Eintritt in ein Lebewesen. Von der sozialen Skulptur zum Plattform-Kapitalismus / Journey Into a Living Being: From Social Sculpture to Platform Capitalism (2020) [German/English]
Filed under catalogue | Tags: · art, capitalism, data, internet, platform, privacy, social media, surveillance
“In 1977, Joseph Beuys presented his installation Honey Machine at the Workplace at documenta 6, in which tubes ran into the exhibition rooms, through which honey was pumped. The work symbolized Beuys’ idea of the expanded concept of art and of social sculpture. “Everyone is an artist” is his famous motto –not because everyone can paint, dance or make music, but because we all contribute through our productivity to a collective creativity that can be weighed as real capital and societal potential, to which Beuys ascribed the formula “art = capital.” Honey as the “spiritual nutrition of the cosmos” (Beuys) is the embodiment of this collective creativity.
These days, we deliver our creative “honey” voluntarily to internet companies like Google, Facebook, Twitter, TikTok or Amazon. Computers and smartphones, online speakers and fitness wristbands upload a large portion of our data to these companies’ servers. Even rental bikes and e-scooters collect our location data. Our every click, every Like, every photo posted and every online comment is fuel for the companies of “surveillance capitalism” (Shoshana Zuboff). They use our data to sell advertising, predict our behavior, optimize their algorithms and AI, and to keep competing companies out of the market as much as possible.
The exhibition Journey Into a Living Being takes its name from a lecture Beuys gave on social sculpture at documenta. It traces the conceptual trajectory to the present, in which the internet and social media are replete with offers of creative services, but where only few reap the financial rewards. It brings together artworks spanning forty years with the aim of deciphering what has come to pass between the development of social sculpture and the rise of platform capitalism and the gig economy, and how this process is reflected in art.”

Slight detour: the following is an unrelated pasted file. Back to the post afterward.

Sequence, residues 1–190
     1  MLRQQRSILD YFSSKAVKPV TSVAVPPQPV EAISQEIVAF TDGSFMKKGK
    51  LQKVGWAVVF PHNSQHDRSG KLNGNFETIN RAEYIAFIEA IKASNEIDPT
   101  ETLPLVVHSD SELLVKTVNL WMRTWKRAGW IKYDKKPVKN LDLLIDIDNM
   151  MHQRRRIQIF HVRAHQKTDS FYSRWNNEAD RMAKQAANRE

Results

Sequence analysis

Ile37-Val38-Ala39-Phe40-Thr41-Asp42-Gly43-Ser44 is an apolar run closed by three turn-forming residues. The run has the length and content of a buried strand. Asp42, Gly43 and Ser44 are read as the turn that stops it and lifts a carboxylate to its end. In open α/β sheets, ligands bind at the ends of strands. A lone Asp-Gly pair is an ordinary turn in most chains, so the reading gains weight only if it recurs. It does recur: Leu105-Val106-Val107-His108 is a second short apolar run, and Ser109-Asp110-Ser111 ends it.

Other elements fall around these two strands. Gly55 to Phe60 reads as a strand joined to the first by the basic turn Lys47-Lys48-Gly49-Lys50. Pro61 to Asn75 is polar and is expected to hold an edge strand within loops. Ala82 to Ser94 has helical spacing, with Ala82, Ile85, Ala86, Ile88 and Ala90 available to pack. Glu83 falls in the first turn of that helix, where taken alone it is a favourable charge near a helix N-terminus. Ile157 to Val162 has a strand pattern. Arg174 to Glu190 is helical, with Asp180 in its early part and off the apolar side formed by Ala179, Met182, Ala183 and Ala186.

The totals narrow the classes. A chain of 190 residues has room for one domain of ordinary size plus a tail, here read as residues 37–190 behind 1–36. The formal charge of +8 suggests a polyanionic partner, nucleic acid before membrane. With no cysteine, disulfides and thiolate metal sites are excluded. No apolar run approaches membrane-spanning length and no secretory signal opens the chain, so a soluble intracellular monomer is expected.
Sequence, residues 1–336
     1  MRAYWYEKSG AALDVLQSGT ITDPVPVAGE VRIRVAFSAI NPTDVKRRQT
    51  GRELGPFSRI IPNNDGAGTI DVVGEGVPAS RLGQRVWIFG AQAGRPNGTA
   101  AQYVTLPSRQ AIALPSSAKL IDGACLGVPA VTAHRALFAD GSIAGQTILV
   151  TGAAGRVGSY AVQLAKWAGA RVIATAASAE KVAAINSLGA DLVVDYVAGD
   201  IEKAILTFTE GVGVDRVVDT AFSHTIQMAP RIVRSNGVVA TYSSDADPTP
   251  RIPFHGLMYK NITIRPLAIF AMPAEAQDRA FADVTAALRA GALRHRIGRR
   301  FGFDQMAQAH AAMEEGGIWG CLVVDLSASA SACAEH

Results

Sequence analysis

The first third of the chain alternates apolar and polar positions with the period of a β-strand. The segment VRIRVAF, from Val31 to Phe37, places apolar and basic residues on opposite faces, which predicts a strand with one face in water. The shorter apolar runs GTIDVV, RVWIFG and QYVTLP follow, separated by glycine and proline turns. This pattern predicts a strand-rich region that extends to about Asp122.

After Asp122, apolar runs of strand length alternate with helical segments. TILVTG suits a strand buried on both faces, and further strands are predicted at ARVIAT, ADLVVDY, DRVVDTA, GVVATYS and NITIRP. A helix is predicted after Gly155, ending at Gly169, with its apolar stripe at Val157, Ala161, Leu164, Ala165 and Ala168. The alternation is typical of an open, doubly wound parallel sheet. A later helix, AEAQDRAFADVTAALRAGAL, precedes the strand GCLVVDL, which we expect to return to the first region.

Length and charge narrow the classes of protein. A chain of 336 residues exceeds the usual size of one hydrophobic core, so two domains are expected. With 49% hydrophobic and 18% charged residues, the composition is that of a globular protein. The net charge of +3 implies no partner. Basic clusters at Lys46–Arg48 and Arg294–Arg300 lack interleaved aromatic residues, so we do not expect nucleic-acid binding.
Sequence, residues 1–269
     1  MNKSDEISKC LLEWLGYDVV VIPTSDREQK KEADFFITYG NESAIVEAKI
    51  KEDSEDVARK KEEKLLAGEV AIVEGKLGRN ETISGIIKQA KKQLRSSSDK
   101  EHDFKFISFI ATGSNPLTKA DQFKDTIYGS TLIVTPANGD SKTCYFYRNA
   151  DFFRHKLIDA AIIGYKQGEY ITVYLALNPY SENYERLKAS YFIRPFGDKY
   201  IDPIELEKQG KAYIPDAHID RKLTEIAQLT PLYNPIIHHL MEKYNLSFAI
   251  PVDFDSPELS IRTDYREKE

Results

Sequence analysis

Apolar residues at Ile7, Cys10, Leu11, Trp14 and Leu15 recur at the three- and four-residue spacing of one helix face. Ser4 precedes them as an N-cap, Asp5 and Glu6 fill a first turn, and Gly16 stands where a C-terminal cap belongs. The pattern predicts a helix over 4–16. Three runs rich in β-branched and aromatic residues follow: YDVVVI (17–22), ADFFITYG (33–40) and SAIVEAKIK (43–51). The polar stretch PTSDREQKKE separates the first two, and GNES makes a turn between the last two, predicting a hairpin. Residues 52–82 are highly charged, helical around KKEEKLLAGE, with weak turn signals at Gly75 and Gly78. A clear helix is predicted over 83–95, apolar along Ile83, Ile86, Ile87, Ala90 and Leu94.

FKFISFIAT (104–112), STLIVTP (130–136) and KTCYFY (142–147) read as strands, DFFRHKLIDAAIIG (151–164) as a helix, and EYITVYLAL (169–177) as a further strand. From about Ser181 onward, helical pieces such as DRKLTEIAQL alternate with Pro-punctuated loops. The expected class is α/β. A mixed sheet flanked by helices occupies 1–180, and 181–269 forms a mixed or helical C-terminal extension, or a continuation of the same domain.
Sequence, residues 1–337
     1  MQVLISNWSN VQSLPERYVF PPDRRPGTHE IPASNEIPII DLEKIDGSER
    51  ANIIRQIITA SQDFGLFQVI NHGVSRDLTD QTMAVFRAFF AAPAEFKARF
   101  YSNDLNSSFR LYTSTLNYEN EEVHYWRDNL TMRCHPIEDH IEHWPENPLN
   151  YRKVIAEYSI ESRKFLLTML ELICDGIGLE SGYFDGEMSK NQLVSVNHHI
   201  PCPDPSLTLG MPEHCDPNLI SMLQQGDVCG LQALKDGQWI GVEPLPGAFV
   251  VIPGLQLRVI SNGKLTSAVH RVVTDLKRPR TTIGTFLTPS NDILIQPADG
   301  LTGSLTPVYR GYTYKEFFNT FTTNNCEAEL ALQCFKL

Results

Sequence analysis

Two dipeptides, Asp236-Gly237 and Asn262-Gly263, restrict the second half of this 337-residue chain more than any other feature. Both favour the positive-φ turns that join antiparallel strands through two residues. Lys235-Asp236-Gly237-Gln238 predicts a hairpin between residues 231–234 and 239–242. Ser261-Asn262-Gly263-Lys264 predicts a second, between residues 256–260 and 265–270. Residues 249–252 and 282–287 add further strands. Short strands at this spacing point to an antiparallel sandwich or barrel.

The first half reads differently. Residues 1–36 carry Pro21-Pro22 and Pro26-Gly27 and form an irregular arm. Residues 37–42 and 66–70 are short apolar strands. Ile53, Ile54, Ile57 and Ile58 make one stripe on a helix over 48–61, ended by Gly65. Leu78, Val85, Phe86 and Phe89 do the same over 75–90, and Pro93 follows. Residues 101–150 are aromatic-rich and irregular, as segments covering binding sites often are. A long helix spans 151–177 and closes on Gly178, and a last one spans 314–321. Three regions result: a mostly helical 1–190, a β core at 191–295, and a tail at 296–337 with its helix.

Edited by Tilman Baumgärtel
Publisher Kunstraum Kreuzberg/Bethanien, Berlin, 2020
ISBN 9783000652608, 3000652604
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Filed under catalogue | Tags: · art, internet, surveillance, technology, video art
This catalogue contains “a conversation between Hito Steyerl and João Fernandes, curator of the exhibition, an essay by Carles Guerra and Steyerl herself. Steyerl approaches current themes in her work, for instance the impact the proliferation of images and the use of the Internet and technology have on our lives. She uses these issues as a starting point for developing, not just through her video pieces but also through writing and essays, critical work about control, surveillance and militarisation, migration, cultural globalisation, feminism and political imagery, questions she believes have the capacity to create realities.”
Publisher Museo Nacional Centro de Arte Reina Sofía, Madrid, 2015
Filed under book | Tags: · art, cyberfeminism, digital culture, feminism, internet, media infrastructure, privacy, security, surveillance, technology, web
“Deep Lab book is a compilation of reflections on digital culture, the post-Snowden Internet, and cyberfeminism. Created in five days by a dozen women, it represents the capstone to Deep Lab, a congress of cyberfeminist researchers, organized by Frank-Ratchye STUDIO Fellow Addie Wagenknecht to examine how the themes of privacy, security, surveillance, anonymity, and large-scale data aggregation are problematized in the arts, culture and society.
During the second week of December 2014, the Deep Lab participants—a group of internationally acclaimed new-media artists, information designers, data scientists, software engineers, hackers, writers, journalists and theoreticians—gathered to engage in critical assessments of contemporary digital culture. They worked collaboratively at the STUDIO in an accelerated pressure project, blending aspects of a booksprint, hackathon, dugnad, charrette, and a micro-conference. The outcomes of this effort include the visualizations, software, reflections and manifestos compiled in this book; an album of ten lecture presentations, the Deep Lab Lecture Series; and a documentary film featuring interviews with the Deep Lab participants.”
By Addie Wagenknecht, Allison Burtch, Claire L. Evans, Denise Caruso, Harlo Holmes, Ingrid Burrington, Jillian C. York, Jen Lowe, Kate Crawford, Lindsay Howard, Lorrie Faith Cranor & CUPS, Maddy Varner, Maral Pourkazemi, and Runa A. Sandvik.
Publisher Deep Lab and Frank-Ratchye STUDIO for Creative Inquiry at Carnegie Mellon University, Dec 2014
Creative Commons BY-NC-SA 4.0 License